Patients can underreport symptoms, so the physician may require collateral information from others who know them well—a parent, a partner, a friend, or sometimes even a coworker—to provide context. “Even though oftentimes we worry about over-recording, it turns out that under-recording is a larger issue,” Dr. Han said.

There should be evidence of continuing symptoms over time, from childhood through adult life, in multiple settings, for example, at work, at home, and in relationships. “And in fact, if a patient only has symptoms in one sphere of their life, just home or just school, it actually suggests the symptoms are not attention deficit disorder, because it really is pervasive,” Dr. Han said.

The diagnosis also depends on a level of impairment. If patients say that they're frequently distracted, but there's no effect on job performance or consequences at home, then it raises the question of whether it has risen to the level of a disorder, Dr. Han said.

There are several tools available to screen for adult ADHD. The Adult ADHD Self-Report Rating Scale (ASRS), which Dr. Han said is used most frequently, was developed with the World Health Organization and has been recommended by European and Canadian guidelines. The ASRS-5 is a self-reported six-item questionnaire that is based on the DSM-5 and can be completed in less than five minutes, with very good sensitivity and specificity, Dr. Han said. A score of 14 or more is considered positive. If the patient screens positive on the ASRS, there is an 18-item ASRS v1.1 Symptom Checklist to track response to treatment.

Managing ADHD patients takes time, Dr. Han said. A physician must not only assess the patient's self-reported symptoms but also take time to assess for psychiatric or substance use comorbidities. Because comorbidity is so common, Dr. Han recommended treating that aspect first.

“So if a patient has, for example, substance use disorder, or they have severe anxiety, or in the midst of a major depression … rather than starting a stimulant first, you really want to get those other behavioral health conditions under control first,” he said. “And once those symptoms are better controlled, then considering managing the attention deficit disorder.”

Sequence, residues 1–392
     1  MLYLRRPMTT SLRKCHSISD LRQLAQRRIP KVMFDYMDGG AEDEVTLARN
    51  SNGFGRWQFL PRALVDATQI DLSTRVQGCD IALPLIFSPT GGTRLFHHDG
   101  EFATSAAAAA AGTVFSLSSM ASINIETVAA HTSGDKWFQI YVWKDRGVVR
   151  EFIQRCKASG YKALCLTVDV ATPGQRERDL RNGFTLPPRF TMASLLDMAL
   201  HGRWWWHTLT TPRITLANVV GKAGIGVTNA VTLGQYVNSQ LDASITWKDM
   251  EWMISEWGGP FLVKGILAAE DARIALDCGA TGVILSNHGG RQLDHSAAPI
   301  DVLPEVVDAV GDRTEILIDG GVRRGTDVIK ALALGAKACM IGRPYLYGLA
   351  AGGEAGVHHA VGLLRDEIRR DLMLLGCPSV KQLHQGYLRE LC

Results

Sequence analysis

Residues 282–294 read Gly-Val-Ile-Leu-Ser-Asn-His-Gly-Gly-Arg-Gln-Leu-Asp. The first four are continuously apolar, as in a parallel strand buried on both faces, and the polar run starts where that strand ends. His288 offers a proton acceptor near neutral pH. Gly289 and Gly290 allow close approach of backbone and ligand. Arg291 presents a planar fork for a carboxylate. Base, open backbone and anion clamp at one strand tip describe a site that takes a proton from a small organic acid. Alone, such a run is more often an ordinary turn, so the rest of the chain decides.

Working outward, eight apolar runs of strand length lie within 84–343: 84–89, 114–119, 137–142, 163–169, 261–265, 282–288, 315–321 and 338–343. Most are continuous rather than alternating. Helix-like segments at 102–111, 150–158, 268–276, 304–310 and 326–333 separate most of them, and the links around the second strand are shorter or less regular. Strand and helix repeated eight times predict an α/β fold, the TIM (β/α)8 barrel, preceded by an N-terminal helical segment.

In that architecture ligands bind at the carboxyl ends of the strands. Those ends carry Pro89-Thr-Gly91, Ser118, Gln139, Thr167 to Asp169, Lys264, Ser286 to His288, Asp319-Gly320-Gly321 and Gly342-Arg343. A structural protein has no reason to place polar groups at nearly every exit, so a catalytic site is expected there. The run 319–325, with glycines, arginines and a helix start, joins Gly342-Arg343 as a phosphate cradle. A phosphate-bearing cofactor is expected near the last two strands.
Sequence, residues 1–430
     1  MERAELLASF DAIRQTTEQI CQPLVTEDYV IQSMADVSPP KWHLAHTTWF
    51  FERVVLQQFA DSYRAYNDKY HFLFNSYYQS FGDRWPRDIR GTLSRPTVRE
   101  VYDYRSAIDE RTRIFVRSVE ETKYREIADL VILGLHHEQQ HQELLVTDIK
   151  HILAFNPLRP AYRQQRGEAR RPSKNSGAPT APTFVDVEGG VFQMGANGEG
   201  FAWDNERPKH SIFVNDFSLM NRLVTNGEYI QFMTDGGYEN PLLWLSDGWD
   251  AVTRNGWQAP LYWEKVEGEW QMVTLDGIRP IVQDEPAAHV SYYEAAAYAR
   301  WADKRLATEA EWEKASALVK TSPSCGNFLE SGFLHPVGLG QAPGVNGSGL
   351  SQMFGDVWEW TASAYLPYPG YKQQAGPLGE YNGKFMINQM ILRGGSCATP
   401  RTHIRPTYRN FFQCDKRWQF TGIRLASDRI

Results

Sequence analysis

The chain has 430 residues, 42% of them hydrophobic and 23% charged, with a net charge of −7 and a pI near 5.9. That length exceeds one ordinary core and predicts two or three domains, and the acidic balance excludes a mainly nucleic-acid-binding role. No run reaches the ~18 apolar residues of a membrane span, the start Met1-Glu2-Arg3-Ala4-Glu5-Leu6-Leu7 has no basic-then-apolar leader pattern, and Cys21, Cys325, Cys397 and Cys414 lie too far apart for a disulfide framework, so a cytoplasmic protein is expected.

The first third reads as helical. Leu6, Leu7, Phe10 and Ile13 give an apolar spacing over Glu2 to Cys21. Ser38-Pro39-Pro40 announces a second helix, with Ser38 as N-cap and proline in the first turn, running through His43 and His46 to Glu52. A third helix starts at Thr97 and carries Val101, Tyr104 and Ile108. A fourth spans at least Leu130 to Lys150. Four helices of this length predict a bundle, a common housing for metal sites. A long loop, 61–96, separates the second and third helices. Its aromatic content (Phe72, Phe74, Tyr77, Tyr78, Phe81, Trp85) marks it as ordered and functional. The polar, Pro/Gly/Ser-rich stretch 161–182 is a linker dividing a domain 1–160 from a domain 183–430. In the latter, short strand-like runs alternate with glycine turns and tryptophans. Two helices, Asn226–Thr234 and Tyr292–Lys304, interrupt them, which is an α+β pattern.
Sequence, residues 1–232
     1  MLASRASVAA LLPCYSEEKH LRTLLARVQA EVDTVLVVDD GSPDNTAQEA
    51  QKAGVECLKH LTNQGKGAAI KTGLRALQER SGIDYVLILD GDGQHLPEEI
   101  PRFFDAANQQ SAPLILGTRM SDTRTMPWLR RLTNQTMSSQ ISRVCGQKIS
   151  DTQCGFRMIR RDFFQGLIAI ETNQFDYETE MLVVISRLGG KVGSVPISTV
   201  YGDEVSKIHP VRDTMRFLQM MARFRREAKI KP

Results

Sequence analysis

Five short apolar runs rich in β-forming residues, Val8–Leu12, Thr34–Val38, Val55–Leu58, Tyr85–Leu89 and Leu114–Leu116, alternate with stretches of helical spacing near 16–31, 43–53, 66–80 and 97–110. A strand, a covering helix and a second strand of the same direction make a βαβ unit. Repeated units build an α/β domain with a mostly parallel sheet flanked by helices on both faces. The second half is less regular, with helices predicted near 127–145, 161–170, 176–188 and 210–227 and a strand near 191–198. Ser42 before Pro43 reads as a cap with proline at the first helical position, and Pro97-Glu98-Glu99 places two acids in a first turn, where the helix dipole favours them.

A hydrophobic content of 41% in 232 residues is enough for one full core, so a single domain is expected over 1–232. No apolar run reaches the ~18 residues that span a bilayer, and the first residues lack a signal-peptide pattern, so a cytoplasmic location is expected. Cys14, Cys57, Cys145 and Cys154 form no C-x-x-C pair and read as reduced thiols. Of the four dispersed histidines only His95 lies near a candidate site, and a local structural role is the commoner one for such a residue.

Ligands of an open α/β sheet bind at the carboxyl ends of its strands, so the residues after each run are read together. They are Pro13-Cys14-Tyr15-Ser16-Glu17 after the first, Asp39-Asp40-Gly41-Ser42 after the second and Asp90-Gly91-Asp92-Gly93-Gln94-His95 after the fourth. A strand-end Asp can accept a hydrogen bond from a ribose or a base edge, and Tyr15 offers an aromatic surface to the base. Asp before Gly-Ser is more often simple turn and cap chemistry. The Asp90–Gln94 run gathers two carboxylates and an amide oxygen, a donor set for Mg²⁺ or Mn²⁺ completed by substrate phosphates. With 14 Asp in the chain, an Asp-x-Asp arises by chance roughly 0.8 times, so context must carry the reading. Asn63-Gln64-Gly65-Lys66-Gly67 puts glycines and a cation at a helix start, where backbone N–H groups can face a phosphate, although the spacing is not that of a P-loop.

Stimulants remain the gold standard in treating ADHD, both in children and adults. There are two main stimulants to consider, methylphenidate and amphetamine, and for adults, once-a-day preparations are preferred. “They're just more convenient as well as less abused and diverted compared to the immediate-release preparations,” Dr. Han said.

Side effects of stimulants include dry mouth, insomnia, irritability, decreased appetite and weight loss, headaches, and elevated blood pressure and heart rate. The FDA suggested in 2011 that stimulants should generally not be used in patients with serious heart conditions and that clinicians should periodically monitor for changes in heart rate and blood pressure, but they are not contraindicated in adults, Dr. Han said.

Body mass index should be tracked in patients taking stimulants, and vital signs, including blood pressure and heart rate, should be assessed every six months, Dr. Han advised. There is no need for routine blood tests or electrocardiograms. Since stimulants are a Schedule II drug, consider a treatment agreement that outlines no early fills, single-clinician prescribing, and random urine drug screens, as for an opioid, he said.

There is an alternative therapeutic option, atomoxetine, which is FDA approved for ADHD in adults but has a smaller effect size compared to the stimulants, Dr. Han said. However, if a patient has significant substance use disorder history or can't tolerate a stimulant, atomoxetine is a reasonable medication to use. Physicians should be aware that there is a delay of several weeks before symptomatic improvement with this drug, in contrast to the stimulants, which work immediately, Dr. Han said.